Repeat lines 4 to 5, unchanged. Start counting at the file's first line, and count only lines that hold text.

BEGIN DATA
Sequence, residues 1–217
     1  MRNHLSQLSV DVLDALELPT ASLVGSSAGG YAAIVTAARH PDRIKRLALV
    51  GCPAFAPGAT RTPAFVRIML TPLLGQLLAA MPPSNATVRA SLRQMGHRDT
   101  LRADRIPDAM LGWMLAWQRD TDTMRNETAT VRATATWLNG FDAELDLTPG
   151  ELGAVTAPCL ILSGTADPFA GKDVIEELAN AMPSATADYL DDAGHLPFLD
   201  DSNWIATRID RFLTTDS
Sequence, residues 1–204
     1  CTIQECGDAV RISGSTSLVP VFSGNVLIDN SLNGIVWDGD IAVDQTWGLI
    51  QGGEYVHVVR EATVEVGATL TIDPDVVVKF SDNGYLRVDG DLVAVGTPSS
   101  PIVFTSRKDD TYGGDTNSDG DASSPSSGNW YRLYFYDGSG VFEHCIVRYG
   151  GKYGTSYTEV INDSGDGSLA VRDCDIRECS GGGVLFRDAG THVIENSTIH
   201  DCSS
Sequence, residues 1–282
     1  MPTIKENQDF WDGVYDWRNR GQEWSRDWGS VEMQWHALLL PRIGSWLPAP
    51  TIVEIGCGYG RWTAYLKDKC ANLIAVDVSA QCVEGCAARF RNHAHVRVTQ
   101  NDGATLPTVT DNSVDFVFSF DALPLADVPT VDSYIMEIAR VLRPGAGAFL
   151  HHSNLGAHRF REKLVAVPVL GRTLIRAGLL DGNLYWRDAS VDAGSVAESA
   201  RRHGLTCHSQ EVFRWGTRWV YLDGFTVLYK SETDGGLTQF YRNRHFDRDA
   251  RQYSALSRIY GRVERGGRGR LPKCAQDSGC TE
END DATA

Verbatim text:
   101  LRADRIPDAM LGWMLAWQRD TDTMRNETAT VRATATWLNG FDAELDLTPG
   151  ELGAVTAPCL ILSGTADPFA GKDVIEELAN AMPSATADYL DDAGHLPFLD